First Repressions: Strange Geometry
We want to think our favorite artists get us, but maybe that’s only a projection. Maybe we just want to imagine, because we like a particular songwriter, that he/she can empathize and make us feel less alone. That’s certainly I how feel with Alasdair MacLean and his band, The Clientele.
But maybe it’s not merely a projection, especially in the case of the band’s 2005 album, Strange Geometry. Just listen to MacLean’s wispy, lachrymose delivery and how he uses tremolo in every song. Listen to Louis Philippe’s precious string arrangements. Heck, just look at the tracklisting, and it becomes apparent why this album was so special and devastating. With titles like “Since K Got Over Me,” “(I Can’t Seem To) Make You Mine,” “When I Came Home from the Party,” “Impossible,” and worst of all, “E.M.P.T.Y.,” the songs hit way too close to home for me. The album is perfect.
You, discerning music lover, can certainly find many more gushing reviews of initial release of Strange Geometry. But this is a review for a reissue, a case for the album’s recontextualization in 2016. You see, new vinyl is everywhere these days, so it’s easy to forget a time when that wasn’t the case. A time when internet stores were still a novelty and Borders was known for its great selection of CDs. If you got lucky, perhaps you could find a used copy of that new life-changing CD at one of the few independent record stores still open in the Kansas City area.
See, The Clientele is an obscure British band licensed to an independent record label in America. Tracking down the CD proved difficult after a friend shared the MP3s with me via AOL Instant Messenger in 2005. (You can imagine the elation I felt when I finally found the CD for $5.99 at Missing Link in Indianapolis.) I knew that finding it on vinyl, an even more rare format for new releases back then, was out of the question.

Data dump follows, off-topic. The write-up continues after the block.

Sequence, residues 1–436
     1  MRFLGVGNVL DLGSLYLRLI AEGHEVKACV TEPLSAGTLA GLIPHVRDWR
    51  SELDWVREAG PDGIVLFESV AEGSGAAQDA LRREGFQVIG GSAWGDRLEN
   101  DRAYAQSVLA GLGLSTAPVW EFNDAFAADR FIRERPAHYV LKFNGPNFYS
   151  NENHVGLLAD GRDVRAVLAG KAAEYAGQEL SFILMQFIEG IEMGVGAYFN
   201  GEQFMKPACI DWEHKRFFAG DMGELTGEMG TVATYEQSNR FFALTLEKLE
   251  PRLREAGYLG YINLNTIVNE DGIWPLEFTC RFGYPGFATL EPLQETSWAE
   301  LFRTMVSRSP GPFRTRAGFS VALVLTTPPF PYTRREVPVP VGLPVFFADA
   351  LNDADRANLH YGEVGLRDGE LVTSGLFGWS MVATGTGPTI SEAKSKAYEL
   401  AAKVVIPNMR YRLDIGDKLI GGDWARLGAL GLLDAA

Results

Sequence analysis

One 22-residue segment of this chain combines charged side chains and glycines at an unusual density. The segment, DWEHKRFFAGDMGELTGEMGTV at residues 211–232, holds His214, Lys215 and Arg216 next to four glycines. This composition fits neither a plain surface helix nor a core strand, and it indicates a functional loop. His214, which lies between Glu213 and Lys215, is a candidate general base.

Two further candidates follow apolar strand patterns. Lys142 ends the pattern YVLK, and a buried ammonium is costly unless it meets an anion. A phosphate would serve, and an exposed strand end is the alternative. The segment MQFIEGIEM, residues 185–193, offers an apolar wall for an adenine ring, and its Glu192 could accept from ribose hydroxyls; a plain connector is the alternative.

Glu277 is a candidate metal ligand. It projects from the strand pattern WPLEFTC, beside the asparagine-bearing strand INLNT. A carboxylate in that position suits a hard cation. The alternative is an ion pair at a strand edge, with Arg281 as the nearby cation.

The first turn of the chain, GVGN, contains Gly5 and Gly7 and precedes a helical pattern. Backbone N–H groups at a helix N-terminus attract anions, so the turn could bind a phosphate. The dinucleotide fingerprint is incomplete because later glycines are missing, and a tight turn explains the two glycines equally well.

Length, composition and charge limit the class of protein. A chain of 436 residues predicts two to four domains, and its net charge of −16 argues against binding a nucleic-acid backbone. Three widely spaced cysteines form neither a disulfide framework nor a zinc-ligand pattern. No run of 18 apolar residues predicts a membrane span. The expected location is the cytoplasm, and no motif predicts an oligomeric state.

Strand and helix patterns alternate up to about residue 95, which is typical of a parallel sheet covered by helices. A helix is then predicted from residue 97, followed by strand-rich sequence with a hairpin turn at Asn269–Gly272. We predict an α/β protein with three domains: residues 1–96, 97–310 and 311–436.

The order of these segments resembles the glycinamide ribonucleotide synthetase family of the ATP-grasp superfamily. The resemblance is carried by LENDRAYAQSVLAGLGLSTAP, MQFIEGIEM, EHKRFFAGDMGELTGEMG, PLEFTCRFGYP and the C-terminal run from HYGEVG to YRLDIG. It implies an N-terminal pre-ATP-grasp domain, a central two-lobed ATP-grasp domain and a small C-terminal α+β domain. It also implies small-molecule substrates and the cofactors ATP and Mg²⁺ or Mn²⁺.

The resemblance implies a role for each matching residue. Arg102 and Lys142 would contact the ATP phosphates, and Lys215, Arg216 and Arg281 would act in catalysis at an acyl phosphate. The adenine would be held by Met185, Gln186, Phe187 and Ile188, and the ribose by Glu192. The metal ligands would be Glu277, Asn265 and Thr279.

A decade later, I’ve benefitted from, not necessarily fallen prey to, the recent trend of reissuing albums on vinyl. Except that it’s not exactly a trend, nor is it recent. Every time a new technology (radio, blank tapes, file sharing, etc.) seems to threaten record labels’ revenue streams, songs are repackaged as albums, double albums, boxsets or whatever.
But sometimes labels reissue albums to make them available again after years of being out-of-print (and potentially expensive on the secondhand market). I think that’s the case with Merge’s reissue of Strange Geometry. Fans of rainy day music no long need to cough up 40 or 50 bucks for a first pressing of the album on Discogs. And not only is the album available again, but the label has also bundled it with a download of a bonus EP. (No, the extra songs aren’t exactly necessary or revelatory, but they are beautiful.)
So embrace the limitations again of the physical LP. When the side two is finished, refill your cup of coffee and flip over the record again.